The team found that those who vaped exclusively had lower levels of cardiovascular danger signs than those who did not smoke at all.
However, subjects who vaped and smoked had levels of inflammatory and oxidative stress comparable to those who smoked exclusively.
‘This study is among the first to use nationally representative data to examine the association of cigarette and e-cigarette use behaviours with biomarkers of inflammation and oxidative stress,’ said Dr Stokes.
‘Identifying the association between e-cigarette use and sensitive biomarkers of subclinical cardiovascular injury is necessary for understanding the long-term effects of newer tobacco products such as e-cigarettes.
‘The results could be used to counsel patients about the potential risk of using both cigarettes and e-cigarettes.
‘Some people who smoke cigarettes pick up e-cigarette use to reduce the frequency with which they smoke cigarettes.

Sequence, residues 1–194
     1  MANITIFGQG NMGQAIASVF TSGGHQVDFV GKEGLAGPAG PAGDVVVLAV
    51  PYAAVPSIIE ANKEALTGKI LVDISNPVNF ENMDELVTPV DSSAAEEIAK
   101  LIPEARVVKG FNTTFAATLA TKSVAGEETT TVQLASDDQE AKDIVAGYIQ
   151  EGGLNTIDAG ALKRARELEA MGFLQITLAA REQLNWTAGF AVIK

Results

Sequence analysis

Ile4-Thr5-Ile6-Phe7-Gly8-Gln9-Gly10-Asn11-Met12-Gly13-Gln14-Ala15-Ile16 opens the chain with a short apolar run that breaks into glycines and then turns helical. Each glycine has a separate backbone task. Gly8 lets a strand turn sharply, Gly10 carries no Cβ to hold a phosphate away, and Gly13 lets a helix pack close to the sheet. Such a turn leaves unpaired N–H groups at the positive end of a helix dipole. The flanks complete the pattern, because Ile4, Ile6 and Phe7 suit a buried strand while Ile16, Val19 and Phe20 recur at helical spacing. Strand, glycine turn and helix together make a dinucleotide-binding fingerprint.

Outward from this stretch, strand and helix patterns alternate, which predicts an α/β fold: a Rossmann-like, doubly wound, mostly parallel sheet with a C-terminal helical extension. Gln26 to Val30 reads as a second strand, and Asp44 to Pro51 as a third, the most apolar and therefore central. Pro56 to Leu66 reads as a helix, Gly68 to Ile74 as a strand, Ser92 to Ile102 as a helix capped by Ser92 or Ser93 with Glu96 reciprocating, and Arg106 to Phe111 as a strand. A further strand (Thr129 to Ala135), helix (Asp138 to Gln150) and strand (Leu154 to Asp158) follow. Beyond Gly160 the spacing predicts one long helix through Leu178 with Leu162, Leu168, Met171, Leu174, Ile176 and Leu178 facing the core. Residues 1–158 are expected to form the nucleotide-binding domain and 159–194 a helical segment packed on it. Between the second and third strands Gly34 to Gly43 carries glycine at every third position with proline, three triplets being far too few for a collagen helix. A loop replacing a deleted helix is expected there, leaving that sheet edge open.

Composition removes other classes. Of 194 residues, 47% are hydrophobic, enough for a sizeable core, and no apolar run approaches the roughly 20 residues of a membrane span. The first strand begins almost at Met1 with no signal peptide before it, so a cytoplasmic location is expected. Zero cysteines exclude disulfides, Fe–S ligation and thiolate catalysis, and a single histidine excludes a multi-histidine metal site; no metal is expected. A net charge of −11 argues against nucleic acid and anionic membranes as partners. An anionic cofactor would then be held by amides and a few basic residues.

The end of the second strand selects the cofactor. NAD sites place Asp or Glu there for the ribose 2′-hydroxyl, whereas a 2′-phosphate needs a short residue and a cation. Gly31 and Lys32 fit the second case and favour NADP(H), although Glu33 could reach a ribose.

‘They often become dual users of both products rather than switching entirely from one to the other.
‘If e-cigarettes are used as a means to quit smoking, cigarette smoking should be completely replaced and a plan to ultimately attain freedom from all tobacco products should be advised.’
Researchers from the US studied the health and smoking habits of 7,000 Americans — finding that vaping alone was associated with slightly lower cardiovascular danger signs. However, smoking habits which feature both cigarettes and vaping do just as much harm as smoking cigarettes exclusively. Pictured, a young man vapes
According to the American Heart Association’s Rose Marie Robertson, the finding ‘has an important message for individuals who may believe using e-cigarettes while continuing to smoke some combustible cigarettes reduces their risk’.